The basic idea to calculating the probabilities is to find the size of the area of the square where the center of the die can rest without touching/overlapping one of the edges.

In the case where the sides of the die are parallel to the sides of the square, this value is easy to compute. Where S is the side-length of the square, and D is the side-length of the die, then the acceptable area is , giving us a probability of . Using real-world values of S = 2" and D = 5/8", we get a probability of 47% that the die will land entirely within the bounds of the square. Matters get more complicated when the die lands at an angle. The center of the die must now remain a greater distance from the edge of the square - the horizontal distance from the center of the die to the left-most corner, for example. Because of symmetry, we know that this distance is half of the horizontal distance between the left-most and right-most corners, so let's compute that. The angle between the side of the die and the square we will call θ. The distance A is simply D sin(θ), while the distance B is D cos(θ). This gives us a revised probability of . At θ = 0, this gives us our old formula of , while at θ = 45°, we get , which is the expected value.

This formula only takes into account a single angle. To take into consideration all possible such angles, we must integrate it. Because of rotational and reflectional symmetry, we need only concern ourselves with rotations up to 45°, as after that point, it will start repeating a previous configuraiton. The integral is .

To reflect the fact that it can be difficult to determine whether or not a roll counts as over the edge, we can take into account a margin around the square. The die can land on or over the edge, and still count in the square, so long as none of its corners exceed the bounds of the margin. If the width of the margin is M, then this has the effect of increasing the side-length of the square by 2M, but only for deciding whether or not the die landed out of bounds. Our new formula is therefore . Integrating, we get .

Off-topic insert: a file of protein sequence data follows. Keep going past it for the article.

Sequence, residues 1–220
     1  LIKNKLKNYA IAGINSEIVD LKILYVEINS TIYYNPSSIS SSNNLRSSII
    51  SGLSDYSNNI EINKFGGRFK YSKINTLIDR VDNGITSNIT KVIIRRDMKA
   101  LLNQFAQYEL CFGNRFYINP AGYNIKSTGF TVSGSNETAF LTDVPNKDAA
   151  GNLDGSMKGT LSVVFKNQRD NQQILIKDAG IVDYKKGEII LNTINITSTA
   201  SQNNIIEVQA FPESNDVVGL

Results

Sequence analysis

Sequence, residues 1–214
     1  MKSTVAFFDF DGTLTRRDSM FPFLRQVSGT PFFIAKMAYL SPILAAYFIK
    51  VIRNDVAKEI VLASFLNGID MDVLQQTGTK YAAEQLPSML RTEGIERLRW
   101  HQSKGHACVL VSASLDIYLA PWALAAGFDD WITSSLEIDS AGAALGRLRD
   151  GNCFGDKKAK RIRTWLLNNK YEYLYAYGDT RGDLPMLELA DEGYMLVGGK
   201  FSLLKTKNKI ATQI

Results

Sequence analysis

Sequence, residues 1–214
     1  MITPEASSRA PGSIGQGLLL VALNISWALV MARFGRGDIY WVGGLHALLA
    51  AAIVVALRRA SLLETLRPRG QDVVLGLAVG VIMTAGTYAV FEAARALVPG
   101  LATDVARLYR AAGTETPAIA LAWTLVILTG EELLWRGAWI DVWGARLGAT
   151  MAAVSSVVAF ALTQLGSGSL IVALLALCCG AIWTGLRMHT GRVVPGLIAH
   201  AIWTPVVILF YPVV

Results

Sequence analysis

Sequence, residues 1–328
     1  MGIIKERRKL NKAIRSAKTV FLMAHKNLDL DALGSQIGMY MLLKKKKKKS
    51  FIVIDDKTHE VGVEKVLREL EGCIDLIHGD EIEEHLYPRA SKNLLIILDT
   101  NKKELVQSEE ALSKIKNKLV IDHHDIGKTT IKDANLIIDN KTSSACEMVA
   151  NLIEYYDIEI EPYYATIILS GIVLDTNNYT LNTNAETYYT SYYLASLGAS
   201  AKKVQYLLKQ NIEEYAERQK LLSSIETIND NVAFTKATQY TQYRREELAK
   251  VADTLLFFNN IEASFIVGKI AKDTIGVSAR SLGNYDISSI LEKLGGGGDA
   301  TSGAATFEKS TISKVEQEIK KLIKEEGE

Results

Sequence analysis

A calculator:
Square side length:
Die side length:
Margin:

Things get much trickier when we want to ensure that at least two corners are outside of the square. For this, we'll ignore the margin. In the case that the die's sides are parallel, this is identical to the case above; if one of the corners is outside, at least one other must be as well. Compare with the 45° rotated die, on the other hand, where the only time you'll have two corners of the die out is when the die is resting in one of the corners of the square! Our approach must be able to handle both cases.

First, let's examine the cases where one of the corners it outside of the square. Assume without loss of generality that the die is resting on the left edge of the square, with the top-left corner resting in the adjacent square. There is a range of (translational) motion available to the die where the top-left die remains outside, while the bottom-left remains inside. This distance, labeled A in the diagram below, is equal to D sin(θ). Since this value is added to the margin on both sides, we get a partial formula of . In essence, we are dealing with a virtually smaller die (indicated in green in the diagram below).

The above calculation, however, doesn't take into account the cases where corners are crossing two separate edges. This occurs when the center of the die is in one of the four squares marked in yellow in the diagram below. The side-length of each of these squares is equal to the distance the die can travel towards one of the edges, between the point where the first corner crosses and the second crosses. In other words, it's the value A that we calculated earlier. This can be observed by looking at the purple square, which is the same size as the yellow ones. When we subtract these four squares from the 'safe' area, we get . Notice that when θ = 0, we get our original formula for a parallel die, while when θ = 45°, the cos(θ) and sin(θ) cancel out, leaving only the four squares.

Integrating this formula, we get . A calculator:
Square side length:
Die side length: